Wednesday, June 17, 2015

Review Asus Chromebox

Last up for the Chrome OS devices is probably my favorite device, a Chromebox.  A Chromebox is considered a desktop.  It is a small box it is about 5 inches across, 5 inches deep, and about 2 inches high.  It has 4 usb ports, sd card reader, headphone jack, and hdmi port. It also has built in wifi & ethernet port. The Chromebox I am looking at is the first Chromebox made by Asus.  Looking back on it now, I find it funny how I bought the first Chromebase & first Chromebox. This model, like the LG Chromebase, has a 4th generation Intel Celeron processor, only 2 GB of RAM & a 16 GB SSD.  Newer Chromeboxes have updated processors, storage, & ram.

So I have made it no secret, especially since I did the Chromebook Challenge, that a Chromebox is probably the best computer for a teacher today.  I did a post on it HERE, so I won't rehash everything I listed there, but there are some things that I didn't mention in that post.  With a Chromebox, you can hook up any size monitor you want to it. If the school gets you a 17-19 inch monitor and you want to go bigger, you can.  If something breaks (monitor, keyboard, mouse), you can just swap it out.  Even if the Chromebox itself goes down, you can swap it out.  Plus, unlike the Chromebase, there is 2 video out ports.  You can have one hook up to your monitor and another hooked up to your projector.  You can buy a Chromebox with mouse & keyboard and a 17-19 inch monitor for under $350.  Similar to a Chromebase, but the "swapability" of components makes it more appealing in my opinion, plus the video out missing from the LG Chromebase.

So what about the Asus Chromebox?  I actually had the Chromebox before I ordered the Chromebase for my parents.  And honestly, there isn't much difference between the two.  The specs are identical and the performance is basically the same as well.  Octane scores are similar with the Asus Chromebox running in the mid 10,000s.  There really isn't much to add to the review.  I like a Chromebox because of the customization that the user has.  I would like to note that this Chromebox is very easy to upgrade.  Obviously, teachers wouldn't be doing it (I would though :-)) but you can easily add in more Ram and a bigger SSD.  Other Chromeboxes are more difficult to open up and get to the Ram and SSD.  That's why more than a year later since its debut, the Asus Chromebox is still the number one desktop on Amazon.  That's impressive considering that HP, Acer, Dell, & Lenovo have all released Chromeboxes too.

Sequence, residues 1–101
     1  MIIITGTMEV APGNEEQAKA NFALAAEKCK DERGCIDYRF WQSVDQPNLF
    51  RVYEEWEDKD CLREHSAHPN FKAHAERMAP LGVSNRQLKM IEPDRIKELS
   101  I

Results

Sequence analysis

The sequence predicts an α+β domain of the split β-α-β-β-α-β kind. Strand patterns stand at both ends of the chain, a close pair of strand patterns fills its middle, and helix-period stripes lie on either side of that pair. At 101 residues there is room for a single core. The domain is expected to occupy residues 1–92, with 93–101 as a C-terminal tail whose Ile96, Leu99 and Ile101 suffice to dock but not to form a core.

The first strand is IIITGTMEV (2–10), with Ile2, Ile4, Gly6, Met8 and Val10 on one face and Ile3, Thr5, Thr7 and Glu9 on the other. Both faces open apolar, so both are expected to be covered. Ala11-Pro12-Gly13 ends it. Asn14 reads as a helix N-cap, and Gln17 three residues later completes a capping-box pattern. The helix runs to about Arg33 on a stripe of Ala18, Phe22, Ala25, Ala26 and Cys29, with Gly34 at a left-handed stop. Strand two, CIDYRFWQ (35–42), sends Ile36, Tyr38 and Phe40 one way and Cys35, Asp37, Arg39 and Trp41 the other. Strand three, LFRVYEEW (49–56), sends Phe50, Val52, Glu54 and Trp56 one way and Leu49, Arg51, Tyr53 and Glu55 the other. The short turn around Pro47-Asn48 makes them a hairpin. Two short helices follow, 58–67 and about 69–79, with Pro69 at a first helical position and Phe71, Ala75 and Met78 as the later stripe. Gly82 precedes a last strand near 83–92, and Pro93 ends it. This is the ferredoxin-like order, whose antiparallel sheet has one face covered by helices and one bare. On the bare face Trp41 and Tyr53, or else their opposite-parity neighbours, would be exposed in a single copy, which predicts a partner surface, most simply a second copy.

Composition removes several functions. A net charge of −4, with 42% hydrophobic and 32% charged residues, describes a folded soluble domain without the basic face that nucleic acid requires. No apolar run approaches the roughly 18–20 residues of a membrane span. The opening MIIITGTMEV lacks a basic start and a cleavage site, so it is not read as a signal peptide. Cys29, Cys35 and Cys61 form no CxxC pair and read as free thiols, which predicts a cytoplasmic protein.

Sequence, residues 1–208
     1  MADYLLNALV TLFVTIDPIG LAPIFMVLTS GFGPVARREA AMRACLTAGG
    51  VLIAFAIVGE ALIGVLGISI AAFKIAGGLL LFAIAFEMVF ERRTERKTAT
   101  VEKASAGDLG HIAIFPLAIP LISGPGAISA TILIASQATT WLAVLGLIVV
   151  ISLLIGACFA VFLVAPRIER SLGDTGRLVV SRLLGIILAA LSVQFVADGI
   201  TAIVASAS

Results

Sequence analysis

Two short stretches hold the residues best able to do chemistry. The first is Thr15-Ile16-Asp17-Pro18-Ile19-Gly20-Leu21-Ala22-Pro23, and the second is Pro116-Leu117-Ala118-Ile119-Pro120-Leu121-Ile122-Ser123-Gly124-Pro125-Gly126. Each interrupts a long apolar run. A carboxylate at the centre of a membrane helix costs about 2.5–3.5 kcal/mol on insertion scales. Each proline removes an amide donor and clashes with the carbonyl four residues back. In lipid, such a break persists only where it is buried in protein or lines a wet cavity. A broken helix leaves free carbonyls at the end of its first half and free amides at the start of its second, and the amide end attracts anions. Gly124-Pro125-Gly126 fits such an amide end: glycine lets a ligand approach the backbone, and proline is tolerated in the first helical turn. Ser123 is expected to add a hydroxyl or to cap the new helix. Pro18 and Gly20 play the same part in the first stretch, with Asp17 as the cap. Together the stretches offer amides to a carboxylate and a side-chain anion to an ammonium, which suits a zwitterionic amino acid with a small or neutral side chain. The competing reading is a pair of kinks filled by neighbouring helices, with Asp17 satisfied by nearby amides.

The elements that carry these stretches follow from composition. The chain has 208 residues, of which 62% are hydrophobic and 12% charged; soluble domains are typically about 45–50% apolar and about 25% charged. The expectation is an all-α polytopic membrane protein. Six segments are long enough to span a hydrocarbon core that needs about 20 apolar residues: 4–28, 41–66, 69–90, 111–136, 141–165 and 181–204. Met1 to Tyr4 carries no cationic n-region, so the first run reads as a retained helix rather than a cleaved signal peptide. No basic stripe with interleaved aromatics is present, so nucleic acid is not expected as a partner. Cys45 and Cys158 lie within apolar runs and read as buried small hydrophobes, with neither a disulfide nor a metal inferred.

The only downside I could see is the amount of cables that could come out of this tiny box.  If you have a wired keyboard/mouse (although you could get a blue tooth mouse/keyboard to eliminate this), there are two wires. You would then have the HDMI cable and the ethernet cable.  But the Chromebox does have built in wifi.  So you could have a minimum of 4 cables coming out of it or just one, depending on how you set it up.  Once again, that's the beauty of a Chromebox, customization.

The other thing to note when buying a Chromebox is that if you don't buy a Chromebox that is bundled with a Chrome OS keyboard, you won't have the top row of Chrome OS shortcut keys.  You can now buy a Chrome OS keyboard made by Dell that you can buy online for $20.  It has the full keyboard including the Chrome OS shortcuts and a numeric keypad. Most retailers do offer a bundled deal with keyboard & mouse included.  However, the keyboard is similar to the LG Chromebase keyboard.

A Chromebox is a great device and it seems like a simple choice for educators.


  1. One note about the keyboard before I go off on tangents. The F-keys work just like the top row keys (F3 is Reload, F1 is Back, F2 is Forward, etc.) You just don't have the pretty pictures to go along with it. For keys like Full Screen (F4), Switch Window (F5) which aren't used as much, you may have to use the Keyboard Help shortcut (Ctrl+Alt+?) to refresh your memory on what comes first.

    Now - I love my ChromeBox. It was a replacement for our personal PC when it gave up the ghost. I have moved it into Developer Mode and loaded Crouton so I can have Linux side booted. I have also recently installed a PLEX server onto my Chromebox and am able to host my own Media Server with the attached 1TB Hard Drive as storage. Able to stream 3 devices with no issue, hadn't tested more. For the $160 I paid (for the 2GB RAM version) I have been extremely pleased.

    1. Yeah I guess I should have mentioned all those shortcuts still work, but I like the little icons :-) plus I doubt teachers would know those shortcuts.

      I looked at a Chromebox for one of our rooms when I cut cable 3 years ago. But we already had a functional htpc, so I couldn't justify the purchase. I will say Chromeboxes are more powerful than most give them credit for.